The Royal Academy Summer Exhibition reveals 2018 architecture winner

The Royal Academy Summer Exhibition reveals 2018 architecture winner

If you have been to the Royal Academy of Arts Summer Exhibition, then you would have already had the chance to admire the sheer number, inventiveness and variety of this year’s entries (and if you haven’t – just go). Curated by artist extraordinaire Grayson Perry RA, the show has been desrcibed as one of the most fun and colourful snapshots of modern art today, comprising a striking 1,300 or so handpicked artworks in an array of mediums – and the Architecture Room, which this year was especially curated by architect Piers Gough RA, also strongly reflects that. 

From Níall McLaughlin to Ron Arad and Thomas Heatherwick, some of the best and brightest of Britain’s contemporary architecture scene are represented in the exhibits – as well as one of the field’s recent losses, the respected architect Will Alsop who passed away earlier in the year. Works span beautiful sketches, meticulous architectural drawings, paintings, sculpture and of course, plenty of architectural models – something that was especially encouraged by Gough, balancing last year’s Farshid Moussavi-curated show, which focused on drawings.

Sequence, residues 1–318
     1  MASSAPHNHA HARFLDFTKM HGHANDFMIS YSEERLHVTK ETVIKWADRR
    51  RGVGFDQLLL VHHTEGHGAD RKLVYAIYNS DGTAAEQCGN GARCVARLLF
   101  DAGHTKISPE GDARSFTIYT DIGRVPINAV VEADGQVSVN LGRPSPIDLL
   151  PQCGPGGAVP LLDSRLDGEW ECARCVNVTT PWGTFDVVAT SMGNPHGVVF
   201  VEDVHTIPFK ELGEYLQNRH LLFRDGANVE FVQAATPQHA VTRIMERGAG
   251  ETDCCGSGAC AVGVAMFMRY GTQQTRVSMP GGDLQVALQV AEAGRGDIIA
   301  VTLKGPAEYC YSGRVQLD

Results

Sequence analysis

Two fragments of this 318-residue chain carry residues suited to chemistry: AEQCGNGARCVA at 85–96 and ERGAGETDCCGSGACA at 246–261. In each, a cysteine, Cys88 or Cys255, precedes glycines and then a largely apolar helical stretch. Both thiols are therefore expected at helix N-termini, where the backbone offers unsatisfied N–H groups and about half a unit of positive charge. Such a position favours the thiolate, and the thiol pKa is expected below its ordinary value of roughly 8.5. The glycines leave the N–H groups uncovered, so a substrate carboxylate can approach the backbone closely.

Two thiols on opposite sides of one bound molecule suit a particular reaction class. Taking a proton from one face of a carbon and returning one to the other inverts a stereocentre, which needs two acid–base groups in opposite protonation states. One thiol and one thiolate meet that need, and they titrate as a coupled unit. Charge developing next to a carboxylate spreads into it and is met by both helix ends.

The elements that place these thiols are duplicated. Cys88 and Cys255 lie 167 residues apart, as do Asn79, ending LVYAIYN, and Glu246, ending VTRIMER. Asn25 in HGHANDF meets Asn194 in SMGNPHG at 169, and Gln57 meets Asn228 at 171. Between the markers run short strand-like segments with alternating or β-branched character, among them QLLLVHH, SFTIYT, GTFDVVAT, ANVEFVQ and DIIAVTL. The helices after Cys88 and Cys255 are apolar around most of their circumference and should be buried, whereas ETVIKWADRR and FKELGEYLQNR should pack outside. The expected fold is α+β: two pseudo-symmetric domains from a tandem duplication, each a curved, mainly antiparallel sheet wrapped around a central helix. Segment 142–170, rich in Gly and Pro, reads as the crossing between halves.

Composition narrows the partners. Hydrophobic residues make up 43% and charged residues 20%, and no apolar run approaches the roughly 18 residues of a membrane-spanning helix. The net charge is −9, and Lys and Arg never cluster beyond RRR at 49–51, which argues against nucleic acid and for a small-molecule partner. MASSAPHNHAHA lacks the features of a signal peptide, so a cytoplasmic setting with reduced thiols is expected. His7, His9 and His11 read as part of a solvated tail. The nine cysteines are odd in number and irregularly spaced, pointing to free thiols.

There’s tall buildings and tiny buildings, fantastical visions of the future and pragmatic responses to today’s pressing questions, involving housing, culture and heritage across the country; while young, dynamic practices, such as Bureau de Change, are also notably present in the displays. 

As is traditional, apart from orchestrating this architectural celebration, the RA is giving out its annual awards for best in show, and for the Architecture Room this year the prize went to Matthew Bloomfield, a recent Part II University of Sheffield architecture school graduate who currently works at Allies & Morrison. Bloomfield will be presented with the £10,000-worth Turkish ceramics Grand Award for Architecture for an imaginative, well-balanced and beautifully made model of his project: ‘The Parliamentary Campus Of God’s Own Country’. The piece was praised by the judges as a wonderfully crafted piece that reflects a complex, futuristic vision of architecture and urban planning that doesn’t use the traditional language of the genre, and an experimentation that touches upon issues such as infrastructure and landscaping for urban settings. 

Further winners of the RA Summer Exhibition’s prizes include Mike Nelson RA, who won the prestigious Royal Academy of Arts Charles Wollaston Award for his entry, ‘Untitled’; and Sofia Mitsola and Jerome Ng, the joint winners of the coveted British Institution Awards for Students. §

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